Monday, August 20, 2007

Mister Rogers Follow-Up

A few weeks ago, I wrote in response to a recent suggestion that Mister Rogers was somehow responsible for a rash of "entitlement" feeling among young adults who grew up being told (by Rogers and others) that they were "special" without regard to any particular thing they've done.

The following week, while I was on vacation in Northern California, I picked up The Simple Faith of Mister Rogers in a used bookstore. Despite knowing for years that Rogers was an ordained Presbyterian minister, this book represents one of the most explicit depictions of Rogers as a man of faith that I've ever seen. It has been an encouraging read, and I highly recommend it.

I was surprised, although perhaps I shouldn't have been, to learn that the recent comments by Prof. Chance were not the first suggestion that Mister Rogers has caused children to grow up spoiled because he told them they were "special" (although, in my defense, Chance seems to have been unaware of the incident related in the book, as well). Author Amy Hollingsworth relates an article by Don Feder which appeared in the Boston Herald in 1994, which complained that "Fred Rogers advocated a philosophy of self-esteem that makes children feel good about themselves no matter how rotten their behavior or how dull their intellects" (p. xxiv. Note that the quotation is from Hollingsworth's book, not from the original article by Feder).

Hollingsworth's reply echoed my own of a few weeks ago: "right argument, wrong target. I agree that the cult of self-esteem has gone too far. What I disagree with is that Mister Rogers is a proponent" (p. xxv). She then proceeded to explain how Rogers' own life demonstrated his value for good behavior and hard work ("with degrees in music, theology, and psychology," p. xxv).

Returning to the issue of promoting self-esteem later in her book, Hollingsworth quotes Rogers' response to critics such as Feder:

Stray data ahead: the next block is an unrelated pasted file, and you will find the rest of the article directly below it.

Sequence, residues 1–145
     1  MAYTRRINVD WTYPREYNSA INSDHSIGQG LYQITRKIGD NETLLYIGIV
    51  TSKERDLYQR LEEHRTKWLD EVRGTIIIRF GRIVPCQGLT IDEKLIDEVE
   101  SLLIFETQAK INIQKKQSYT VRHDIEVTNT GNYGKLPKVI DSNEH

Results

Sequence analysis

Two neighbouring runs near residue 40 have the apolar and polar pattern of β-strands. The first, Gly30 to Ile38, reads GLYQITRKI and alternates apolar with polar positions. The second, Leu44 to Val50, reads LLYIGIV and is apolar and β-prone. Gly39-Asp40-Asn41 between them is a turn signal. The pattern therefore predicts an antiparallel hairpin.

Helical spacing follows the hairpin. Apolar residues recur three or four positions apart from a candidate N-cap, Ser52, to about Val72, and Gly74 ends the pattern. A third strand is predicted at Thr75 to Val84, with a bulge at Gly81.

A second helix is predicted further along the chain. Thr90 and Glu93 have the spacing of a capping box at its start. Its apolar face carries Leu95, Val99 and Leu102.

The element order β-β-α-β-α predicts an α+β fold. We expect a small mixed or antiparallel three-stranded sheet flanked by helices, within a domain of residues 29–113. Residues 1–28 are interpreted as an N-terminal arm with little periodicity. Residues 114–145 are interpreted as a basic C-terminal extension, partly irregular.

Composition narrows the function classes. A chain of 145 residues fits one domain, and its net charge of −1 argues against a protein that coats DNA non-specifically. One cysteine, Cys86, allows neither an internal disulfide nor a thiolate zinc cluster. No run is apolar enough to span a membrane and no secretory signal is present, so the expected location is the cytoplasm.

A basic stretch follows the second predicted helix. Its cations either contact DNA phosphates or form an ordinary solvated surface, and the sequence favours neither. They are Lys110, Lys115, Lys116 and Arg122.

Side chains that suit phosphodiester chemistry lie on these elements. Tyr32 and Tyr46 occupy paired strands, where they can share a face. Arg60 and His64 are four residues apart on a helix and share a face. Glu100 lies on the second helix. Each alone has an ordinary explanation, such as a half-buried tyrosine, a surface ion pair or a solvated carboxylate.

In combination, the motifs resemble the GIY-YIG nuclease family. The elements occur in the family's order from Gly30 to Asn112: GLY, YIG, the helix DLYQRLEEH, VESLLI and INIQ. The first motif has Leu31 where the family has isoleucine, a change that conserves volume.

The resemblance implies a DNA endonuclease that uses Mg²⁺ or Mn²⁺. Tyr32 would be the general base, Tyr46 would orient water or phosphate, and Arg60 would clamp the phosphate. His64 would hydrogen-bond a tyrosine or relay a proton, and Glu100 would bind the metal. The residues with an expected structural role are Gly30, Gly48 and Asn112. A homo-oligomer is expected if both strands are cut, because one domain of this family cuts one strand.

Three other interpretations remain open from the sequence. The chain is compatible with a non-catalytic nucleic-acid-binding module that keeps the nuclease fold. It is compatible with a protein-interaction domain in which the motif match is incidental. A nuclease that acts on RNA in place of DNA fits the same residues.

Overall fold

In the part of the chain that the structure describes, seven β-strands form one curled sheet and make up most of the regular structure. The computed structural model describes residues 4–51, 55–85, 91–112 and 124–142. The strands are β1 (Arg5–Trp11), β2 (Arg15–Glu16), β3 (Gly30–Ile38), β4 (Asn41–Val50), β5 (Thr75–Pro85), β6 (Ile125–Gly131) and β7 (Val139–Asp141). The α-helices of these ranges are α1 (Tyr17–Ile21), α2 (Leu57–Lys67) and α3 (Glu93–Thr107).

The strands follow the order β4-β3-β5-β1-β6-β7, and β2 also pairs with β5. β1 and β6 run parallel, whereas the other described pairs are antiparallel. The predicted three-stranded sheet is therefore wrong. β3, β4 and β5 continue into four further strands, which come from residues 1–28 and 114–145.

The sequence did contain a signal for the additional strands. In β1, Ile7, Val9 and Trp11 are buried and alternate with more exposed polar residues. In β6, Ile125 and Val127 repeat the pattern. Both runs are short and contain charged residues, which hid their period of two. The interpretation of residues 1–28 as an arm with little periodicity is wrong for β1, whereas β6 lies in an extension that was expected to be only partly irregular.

"Now self-esteem is certainly not brought about by people saying that a child has done something wonderful when that person doesn't believe it....

"Self-esteem doesn't come from a child hearing something that's not true about him or her. If an adult does not believe that the child has done a good job with something, well, it's not the least bit helpful to say so.

"Of course if we do believe that a child has done a wonderful thing, then the best thing we can do is to tell him or her, 'Hey, that was really special. You know you did that so much better than you did the last time, and I'm really proud of you.'

"I often sing, 'I'm proud of you! I'm proud of you!' Don't you with your children?"

I nod yes; I even use his version.

"But I would hope that you wouldn't say 'I'm proud of you' if your child has done something that might be hurtful to him or her or to somebody else, because that just doesn't help. I guess we're coming right back to the very first thing [Rogers and Hollingsworth] talked about, and that's truthfulness--you, know, being ourselves and allowing somebody to share in that." (pp. 65-66)
There are many ways in which I wish I were more like Mister Rogers, although I'm sure he himself would discourage me or anyone else from trying to imitate him too closely. Mister Rogers was always an advocate for helping people be the unique individuals they truly were. Still, I often wish I had his easy-going demeanor, able to deal with all sorts of people and problems with kindness and respect. I'm hoping to get a job working with children in the not-too-distant future, and feel certain that Mister Rogers had the most important things right. Children are people, too. Not just the people of the future, but people of tremendous worth right now. I hope to be such an encouragement to any children potentially in my care as Mister Rogers was to so many through his television ministry.

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